2. Apparatus as described in claim 1 wherein said handle portion further includes plunger means, slidably movable with respect to said means for inserting, for exerting removal force against said probe cover and against the sharp edge of said section, and for forcing said sharp edge to cut its way free of said probe cover.
In June 1986, AMEC brought suit against IVAC, claiming that the IVAC Model 880 (oral) and Model 882 (rectal) electronic medical thermometers infringed claims 1 and 2 of the '762 patent when used in combination with the IVAC model P850 probe cover. Nearly two years later and with discovery complete, IVAC moved for summary judgment on the grounds that (1) the patent was invalid under 35 U.S.C. § 102(b) due to an "on sale" bar; and (2) the IVAC models 880/882 did not infringe, i.e., did not fall within the scope of the asserted claims. The district court granted summary judgment on the ground of noninfringement. The propriety of granting IVAC's motion is the sole issue in this appeal.
As in other cases, the grant of summary judgment under Fed.R.Civ.P. 56, is appropriate in a patent case where no genuine issue of material fact exists and the movant is entitled to judgment as a matter of law. See Barmag Barmer Maschinenfabrik AG v. Murata Machinery, Ltd., 731 F.2d 831, 221 USPQ 561 (Fed. Cir. 1984) (summary judgment on issue of validity); Townsend Eng'g Co. v. HiTec Co., 829 F.2d 1086, 1089, 4 USPQ2d 1136, 1138 (Fed. Cir. 1987) (summary judgment on issue of infringement). Summary judgment may be granted in favor of a defendant on an ultimate issue of fact where the defendant carries its burden of "pointing out to the district court that there is an absence of evidence to support the nonmoving party's case." Celotex Corp. v. Catrett, 477 U.S. 317, 325, 106 S.Ct. 2548, 2553, 91 L.Ed.2d 265 (1986). As further stated in Celotex, 477 U.S. at 322-23, 106 S.Ct. at 2552:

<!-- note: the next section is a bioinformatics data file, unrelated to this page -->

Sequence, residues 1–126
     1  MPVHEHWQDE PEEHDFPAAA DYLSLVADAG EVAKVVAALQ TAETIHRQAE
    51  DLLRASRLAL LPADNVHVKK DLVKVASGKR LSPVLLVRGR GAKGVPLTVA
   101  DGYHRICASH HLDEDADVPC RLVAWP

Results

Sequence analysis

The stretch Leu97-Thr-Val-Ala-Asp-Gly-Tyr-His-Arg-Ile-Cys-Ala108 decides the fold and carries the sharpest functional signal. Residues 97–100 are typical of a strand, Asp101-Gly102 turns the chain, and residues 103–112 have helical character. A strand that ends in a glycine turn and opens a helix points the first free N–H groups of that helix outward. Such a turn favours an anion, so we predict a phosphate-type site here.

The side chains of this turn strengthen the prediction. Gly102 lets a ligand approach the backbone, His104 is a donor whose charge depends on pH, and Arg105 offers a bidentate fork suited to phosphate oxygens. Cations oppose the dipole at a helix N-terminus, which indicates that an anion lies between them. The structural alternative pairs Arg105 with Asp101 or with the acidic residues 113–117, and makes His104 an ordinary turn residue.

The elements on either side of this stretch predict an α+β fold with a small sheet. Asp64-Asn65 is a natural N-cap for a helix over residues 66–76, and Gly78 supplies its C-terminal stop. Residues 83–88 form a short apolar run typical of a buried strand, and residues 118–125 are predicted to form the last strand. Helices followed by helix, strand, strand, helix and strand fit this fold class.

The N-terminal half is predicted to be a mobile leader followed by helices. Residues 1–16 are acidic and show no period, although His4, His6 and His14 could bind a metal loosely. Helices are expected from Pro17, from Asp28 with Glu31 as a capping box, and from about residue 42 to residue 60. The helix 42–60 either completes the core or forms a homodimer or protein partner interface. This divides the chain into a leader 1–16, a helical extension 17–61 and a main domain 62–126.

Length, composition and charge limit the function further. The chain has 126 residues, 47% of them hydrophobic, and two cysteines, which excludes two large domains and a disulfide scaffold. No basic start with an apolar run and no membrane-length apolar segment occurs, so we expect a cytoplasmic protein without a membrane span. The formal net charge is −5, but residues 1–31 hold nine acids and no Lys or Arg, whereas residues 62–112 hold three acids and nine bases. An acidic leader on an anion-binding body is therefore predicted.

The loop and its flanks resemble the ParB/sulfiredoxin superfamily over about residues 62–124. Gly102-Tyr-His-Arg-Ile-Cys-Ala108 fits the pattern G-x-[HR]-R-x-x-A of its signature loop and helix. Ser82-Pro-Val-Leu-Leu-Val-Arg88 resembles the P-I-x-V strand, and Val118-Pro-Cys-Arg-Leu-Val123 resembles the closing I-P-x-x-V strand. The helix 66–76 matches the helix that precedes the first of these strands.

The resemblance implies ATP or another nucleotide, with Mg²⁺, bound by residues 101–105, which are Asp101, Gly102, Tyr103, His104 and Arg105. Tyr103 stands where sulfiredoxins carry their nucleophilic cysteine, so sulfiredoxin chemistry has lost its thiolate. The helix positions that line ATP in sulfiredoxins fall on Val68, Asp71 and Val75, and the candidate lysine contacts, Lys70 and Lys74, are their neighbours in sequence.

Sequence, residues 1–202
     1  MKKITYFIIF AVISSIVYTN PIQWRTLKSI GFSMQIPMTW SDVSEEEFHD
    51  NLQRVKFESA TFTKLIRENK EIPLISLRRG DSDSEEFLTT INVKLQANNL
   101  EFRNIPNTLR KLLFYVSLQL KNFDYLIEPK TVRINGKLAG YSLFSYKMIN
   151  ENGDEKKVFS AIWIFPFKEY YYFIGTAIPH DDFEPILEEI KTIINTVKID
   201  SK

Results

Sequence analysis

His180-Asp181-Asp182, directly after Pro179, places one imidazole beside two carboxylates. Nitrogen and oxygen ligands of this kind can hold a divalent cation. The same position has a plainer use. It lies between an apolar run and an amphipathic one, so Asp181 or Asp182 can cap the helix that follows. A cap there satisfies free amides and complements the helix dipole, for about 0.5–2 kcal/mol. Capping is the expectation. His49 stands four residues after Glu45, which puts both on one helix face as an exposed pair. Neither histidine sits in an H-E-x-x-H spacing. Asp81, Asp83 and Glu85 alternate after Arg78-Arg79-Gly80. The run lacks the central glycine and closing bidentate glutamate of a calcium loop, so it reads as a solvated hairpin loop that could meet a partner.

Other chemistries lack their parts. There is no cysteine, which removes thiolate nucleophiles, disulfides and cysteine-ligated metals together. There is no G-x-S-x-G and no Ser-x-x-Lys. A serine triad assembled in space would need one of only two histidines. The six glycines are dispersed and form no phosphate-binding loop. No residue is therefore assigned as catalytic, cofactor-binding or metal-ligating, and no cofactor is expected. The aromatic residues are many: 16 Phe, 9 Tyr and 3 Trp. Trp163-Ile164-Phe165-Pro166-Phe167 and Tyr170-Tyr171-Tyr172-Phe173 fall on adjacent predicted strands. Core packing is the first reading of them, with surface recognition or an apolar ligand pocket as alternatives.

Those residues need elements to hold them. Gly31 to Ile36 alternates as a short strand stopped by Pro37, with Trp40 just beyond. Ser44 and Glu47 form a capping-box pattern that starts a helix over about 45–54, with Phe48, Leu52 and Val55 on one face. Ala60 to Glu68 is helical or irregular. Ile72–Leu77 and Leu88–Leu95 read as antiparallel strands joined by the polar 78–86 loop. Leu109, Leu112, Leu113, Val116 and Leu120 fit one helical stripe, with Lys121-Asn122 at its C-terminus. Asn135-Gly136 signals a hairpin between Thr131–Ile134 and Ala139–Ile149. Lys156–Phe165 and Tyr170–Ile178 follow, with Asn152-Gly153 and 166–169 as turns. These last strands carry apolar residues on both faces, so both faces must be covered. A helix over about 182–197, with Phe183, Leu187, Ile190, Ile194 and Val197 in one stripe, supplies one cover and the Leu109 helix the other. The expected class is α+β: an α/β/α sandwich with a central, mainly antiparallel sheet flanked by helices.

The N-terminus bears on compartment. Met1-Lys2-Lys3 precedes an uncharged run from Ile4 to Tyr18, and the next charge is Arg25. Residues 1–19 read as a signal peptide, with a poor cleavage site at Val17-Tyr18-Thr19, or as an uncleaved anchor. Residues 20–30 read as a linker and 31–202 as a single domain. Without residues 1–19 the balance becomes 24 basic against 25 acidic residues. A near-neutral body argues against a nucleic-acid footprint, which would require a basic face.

Fed.R.Civ.P. 56(c) provides in pertinent part:
The judgment sought [on a motion for summary judgment] shall be rendered forthwith if the pleadings, depositions, answers to interrogatories, and admissions on file, together with the affidavits, if any, show that there is no genuine issue as to any material fact and that the moving party is entitled to a judgment as a matter of law.
[T]he plain language of Rule 56(c) mandates the entry of summary judgment, after adequate time for discovery and upon motion, against a party who fails to make a showing sufficient to establish the existence of an element essential to that party's case, and on which that party will bear the burden of proof at trial. In such a situation, there can be "no genuine issue as to any material fact," since a complete failure of proof concerning an essential element of the nonmoving party's case necessarily renders all other facts immaterial.